HIS BEARER BOOSY 31eating) in smoking her hoo7ah,1 and as mostof her visitors did the same, the tiffin timewas very stupid to the little boy; for, insteadof pleasant and useful discourse, there was ingeneral nothing to be heard at these mealsbut the rattling of plates and knives and forks,the creaking of the puncah,2 and the gurglingof the water in the hookah, except his mamma(which not unseldom happened) occasioned alittle variety, by scolding the servants andcalling them names in their own language.So poor little Henry found no better com-panion than his bearer; and he never wasmore pleased than when he was sitting byhim in the verandah, reading his Bible tohimself.And now the young lady's last words re-turned to his mind, namely, 'You must tryto make Boosy a Christian.' But he did notknow how to begin this work. It seemed tohim that the heart of poor Boosy could onlybe changed by the immediate interference ofI A kind of pipe, the smoke of which is drawn throughwater, and the motion of the air through the water causesa bubbling noise." A large fan suspended from the ceiling.

32 LITTLE HBNELY ANDGod, so fond was he of his wooden gods andfoolish ceremonies, and so much was he afraidof offending his gooroo.' And in this respectHenry judged rightly, for no one can come toGod without the help of God. Yet He haspointed out the means by which we mustendeavour to bring our fellow-creatures toHim; and we must, in faith and humility,use these means, praying for the divine bless-ing to render them effectual.The first step which Henry took towardsthis work was to pray for Boosy. After somethought, he made a prayer, which was muchto this purpose: Lord God, hear thehumble prayer of a poor little sinful child.Give me power, O God, for Thy dear Son'ssake (who died for us upon the cross), to turnthe heart of my poor bearer from his woodengods, and to lead him to the cross of JesusChrist.' This prayer he never failed to repeatevery night, and many times a day; and fromtime to time he used to talk to Boosy, andrepeat to him many things which the younglady had taught him. But although Boosyheard him with good-humour, yet he did notSA religious teacher or confessor.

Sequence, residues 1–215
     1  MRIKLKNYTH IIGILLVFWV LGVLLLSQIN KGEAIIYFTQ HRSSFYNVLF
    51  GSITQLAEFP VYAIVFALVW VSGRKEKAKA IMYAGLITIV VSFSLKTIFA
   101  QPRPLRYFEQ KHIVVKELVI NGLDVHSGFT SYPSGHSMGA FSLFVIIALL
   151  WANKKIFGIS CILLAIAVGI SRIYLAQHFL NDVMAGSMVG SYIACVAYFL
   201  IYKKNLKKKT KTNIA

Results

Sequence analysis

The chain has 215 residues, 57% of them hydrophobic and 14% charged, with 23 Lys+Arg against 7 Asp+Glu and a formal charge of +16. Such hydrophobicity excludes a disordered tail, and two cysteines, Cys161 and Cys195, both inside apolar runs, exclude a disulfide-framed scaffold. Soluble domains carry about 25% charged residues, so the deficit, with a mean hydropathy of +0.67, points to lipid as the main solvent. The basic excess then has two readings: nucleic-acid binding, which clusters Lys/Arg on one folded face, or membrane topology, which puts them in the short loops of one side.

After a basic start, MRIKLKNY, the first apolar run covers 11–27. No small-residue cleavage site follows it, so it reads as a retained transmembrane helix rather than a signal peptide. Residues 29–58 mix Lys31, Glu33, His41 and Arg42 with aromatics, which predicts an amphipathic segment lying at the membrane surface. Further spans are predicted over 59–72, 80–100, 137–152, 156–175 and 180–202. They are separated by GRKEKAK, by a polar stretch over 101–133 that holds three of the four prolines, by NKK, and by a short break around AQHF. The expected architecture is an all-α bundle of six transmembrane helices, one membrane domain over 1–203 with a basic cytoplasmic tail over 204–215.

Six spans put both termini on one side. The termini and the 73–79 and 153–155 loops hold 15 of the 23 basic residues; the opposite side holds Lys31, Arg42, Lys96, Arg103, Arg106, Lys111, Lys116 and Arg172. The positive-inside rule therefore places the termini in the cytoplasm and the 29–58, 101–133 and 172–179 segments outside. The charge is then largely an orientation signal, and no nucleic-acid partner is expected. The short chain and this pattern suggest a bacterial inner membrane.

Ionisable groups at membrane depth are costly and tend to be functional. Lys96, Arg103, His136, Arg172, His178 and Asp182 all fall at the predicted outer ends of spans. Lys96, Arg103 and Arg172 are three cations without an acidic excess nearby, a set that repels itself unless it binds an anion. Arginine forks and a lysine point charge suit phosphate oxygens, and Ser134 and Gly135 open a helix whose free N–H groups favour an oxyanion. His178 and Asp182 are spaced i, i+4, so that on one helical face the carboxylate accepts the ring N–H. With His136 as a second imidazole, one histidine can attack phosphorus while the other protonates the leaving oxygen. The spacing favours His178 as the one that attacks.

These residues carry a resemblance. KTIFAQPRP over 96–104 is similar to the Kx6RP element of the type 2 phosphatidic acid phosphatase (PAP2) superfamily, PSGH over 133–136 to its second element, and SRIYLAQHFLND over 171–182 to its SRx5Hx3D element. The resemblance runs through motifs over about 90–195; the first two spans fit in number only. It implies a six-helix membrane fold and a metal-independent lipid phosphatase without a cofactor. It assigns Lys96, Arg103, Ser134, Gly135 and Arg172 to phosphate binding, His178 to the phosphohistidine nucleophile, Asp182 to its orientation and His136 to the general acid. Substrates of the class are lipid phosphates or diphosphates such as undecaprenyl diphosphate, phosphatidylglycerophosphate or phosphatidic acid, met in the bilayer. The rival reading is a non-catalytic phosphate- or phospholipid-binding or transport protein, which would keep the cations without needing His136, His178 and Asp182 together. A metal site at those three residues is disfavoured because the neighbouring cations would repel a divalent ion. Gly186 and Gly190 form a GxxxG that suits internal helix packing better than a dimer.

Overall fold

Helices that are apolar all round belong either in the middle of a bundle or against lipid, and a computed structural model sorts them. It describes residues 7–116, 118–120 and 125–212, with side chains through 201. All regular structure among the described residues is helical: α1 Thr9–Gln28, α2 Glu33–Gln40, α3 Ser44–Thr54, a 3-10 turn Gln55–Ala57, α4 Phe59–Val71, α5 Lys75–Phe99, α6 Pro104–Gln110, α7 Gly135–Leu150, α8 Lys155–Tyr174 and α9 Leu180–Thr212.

IIIS BEARER BOOSY. 33seem to pay much heed to what the childsaid, for he would argue to this purpose:'There are many brooks and rivers of water,but they all run into the sea at last; so thereare a great many religions, but they all leadto heaven. There is the Mussulman's wayto heaven, and the Hindoo's way, and theChristian's way, and one way is as good asanother.' He asserted, also, that if he wereto commit the greatest sin, and were to goimmediately afterwards and wash in theGanges, he should be quite innocent. And agreat many other foolish things he had to sayto the same purpose, so that he sometimesquite out-talked the child. But Henry wasso earnest in the cause he had undertaken,that, although he might be silenced at onetime, yet he would often (after having saidhis prayers and consulted his Bible) beginthe attack again. He would sometimes getclose to him, and look in his face and say,'Poor Boosy poor Boosy you are going thewrong way, and will not let me set you right.There is but one way to heaven: our Saviour;the Lord Jesus Christ, is the way to heaven,and "no man cometh unto God but by Him"'